Hill Engineering Blog

Residual stress in additive manufacturing

In previous blog posts we have discussed various issues related to residual stress in welding. Here, we’ll follow up with a more detailed look at residual stress in additive manufactured parts, which is a form of welding. Additive manufacturing processes, including powder and wire-fed E-beam and laser, produce residual stress as an undesired consequence. Residual stress in additive manufactured parts results from thermal cycles, temperature gradients, and localized plasticity.

The magnitude and distribution of the residual stress from additive manufacturing varies with the process details (e.g., process type, build rate, build sequence, amount of constraint, etc.). Titanium alloys can be thermally stress relieved after manufacture to produce a low residual stress state. Aluminum and nickel based alloys cannot be thermally stress relieved without negative effects on strength, and as a result these materials tend to have high residual stress in finished parts produced from additive manufacturing. Residual stresses can have various negative consequences during manufacturing, including cracking and part distortion (during build and during finish machining). Tensile residual stresses in finished parts can also reduce fatigue and corrosion performance.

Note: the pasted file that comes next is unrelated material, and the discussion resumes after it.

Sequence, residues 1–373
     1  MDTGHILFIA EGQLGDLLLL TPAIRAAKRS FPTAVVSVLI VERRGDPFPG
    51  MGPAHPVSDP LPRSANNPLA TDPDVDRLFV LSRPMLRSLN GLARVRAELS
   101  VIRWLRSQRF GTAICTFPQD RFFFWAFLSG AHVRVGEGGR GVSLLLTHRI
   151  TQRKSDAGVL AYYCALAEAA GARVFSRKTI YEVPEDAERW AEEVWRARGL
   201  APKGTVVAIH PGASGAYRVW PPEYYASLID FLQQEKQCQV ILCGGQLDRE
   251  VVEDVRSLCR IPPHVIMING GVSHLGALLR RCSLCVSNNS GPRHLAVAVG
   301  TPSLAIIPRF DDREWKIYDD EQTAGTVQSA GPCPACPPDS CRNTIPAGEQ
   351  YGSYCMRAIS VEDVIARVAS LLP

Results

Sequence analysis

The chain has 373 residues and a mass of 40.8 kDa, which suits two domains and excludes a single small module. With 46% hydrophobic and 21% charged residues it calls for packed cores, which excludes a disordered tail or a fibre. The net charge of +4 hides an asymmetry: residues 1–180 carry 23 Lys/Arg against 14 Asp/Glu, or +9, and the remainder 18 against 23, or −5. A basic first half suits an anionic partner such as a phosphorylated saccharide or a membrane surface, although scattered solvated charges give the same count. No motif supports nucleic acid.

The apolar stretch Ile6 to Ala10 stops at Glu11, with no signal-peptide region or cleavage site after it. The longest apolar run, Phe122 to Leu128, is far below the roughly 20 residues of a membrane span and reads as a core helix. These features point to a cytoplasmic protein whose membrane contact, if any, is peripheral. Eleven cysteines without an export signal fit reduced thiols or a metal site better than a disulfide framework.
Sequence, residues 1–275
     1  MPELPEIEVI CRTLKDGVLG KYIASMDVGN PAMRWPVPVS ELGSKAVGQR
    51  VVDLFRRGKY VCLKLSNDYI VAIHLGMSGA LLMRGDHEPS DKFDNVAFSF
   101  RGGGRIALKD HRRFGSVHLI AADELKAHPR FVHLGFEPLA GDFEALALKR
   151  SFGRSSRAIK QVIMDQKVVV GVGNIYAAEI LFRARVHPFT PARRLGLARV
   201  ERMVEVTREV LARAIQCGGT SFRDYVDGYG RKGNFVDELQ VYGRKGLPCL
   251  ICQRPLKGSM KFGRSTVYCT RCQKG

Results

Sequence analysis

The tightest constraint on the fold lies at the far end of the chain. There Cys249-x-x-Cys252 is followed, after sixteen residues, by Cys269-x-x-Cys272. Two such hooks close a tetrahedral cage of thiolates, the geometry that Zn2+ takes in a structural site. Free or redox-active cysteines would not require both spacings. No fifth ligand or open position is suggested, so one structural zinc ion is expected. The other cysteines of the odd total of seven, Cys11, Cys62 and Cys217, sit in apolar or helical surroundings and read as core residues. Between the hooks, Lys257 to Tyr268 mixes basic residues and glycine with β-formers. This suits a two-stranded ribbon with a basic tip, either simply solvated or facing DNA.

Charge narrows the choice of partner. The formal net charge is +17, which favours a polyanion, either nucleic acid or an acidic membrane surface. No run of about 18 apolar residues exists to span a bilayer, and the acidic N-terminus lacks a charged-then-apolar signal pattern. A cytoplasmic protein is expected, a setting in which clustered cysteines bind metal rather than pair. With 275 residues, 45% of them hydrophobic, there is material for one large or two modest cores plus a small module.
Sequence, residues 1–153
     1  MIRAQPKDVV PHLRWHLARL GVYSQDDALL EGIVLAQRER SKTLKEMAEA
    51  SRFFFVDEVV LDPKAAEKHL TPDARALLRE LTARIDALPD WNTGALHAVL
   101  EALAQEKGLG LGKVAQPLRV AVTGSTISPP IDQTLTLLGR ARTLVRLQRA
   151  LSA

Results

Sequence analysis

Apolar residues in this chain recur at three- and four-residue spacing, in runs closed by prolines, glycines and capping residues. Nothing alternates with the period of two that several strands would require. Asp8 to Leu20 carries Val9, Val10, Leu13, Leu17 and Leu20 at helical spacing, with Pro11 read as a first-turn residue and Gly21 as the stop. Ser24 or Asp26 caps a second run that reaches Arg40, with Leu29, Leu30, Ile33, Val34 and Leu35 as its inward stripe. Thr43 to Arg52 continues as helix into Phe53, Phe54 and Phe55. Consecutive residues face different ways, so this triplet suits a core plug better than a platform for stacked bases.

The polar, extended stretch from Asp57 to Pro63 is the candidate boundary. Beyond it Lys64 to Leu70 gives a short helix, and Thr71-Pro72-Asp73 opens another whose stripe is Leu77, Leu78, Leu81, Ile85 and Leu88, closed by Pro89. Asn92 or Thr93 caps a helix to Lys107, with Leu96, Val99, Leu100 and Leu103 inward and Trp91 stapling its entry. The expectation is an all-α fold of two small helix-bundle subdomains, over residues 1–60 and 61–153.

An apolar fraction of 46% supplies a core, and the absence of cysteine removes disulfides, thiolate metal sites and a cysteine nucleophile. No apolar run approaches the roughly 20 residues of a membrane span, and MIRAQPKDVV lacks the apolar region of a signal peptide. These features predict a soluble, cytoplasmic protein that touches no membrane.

To effectively understand and predict residual stress effects on performance, accurate and reliable residual stress measurements are required. In order to characterize and manage manufacturing induced residual stress states and their effects, specialized knowledge, testing methodology, and modeling expertise are essential. When these effects are well understood, minimized, and controlled, significant cost reduction can be derived from increased production rates, reduced manufacturing rework, and better product performance.

Hill Engineering has performed many residual stress measurements on additive manufactured parts and test specimens. The contour method is a very useful technique for evaluating residual stress in welding because it provides a 2D map of the residual stress distribution. Please contact us for more information about residual stress in additive manufacturing and other welding processes.

Results from a contour method measurement on a Ti-6Al-4V plate containing a partial groove electron beam weld deposit.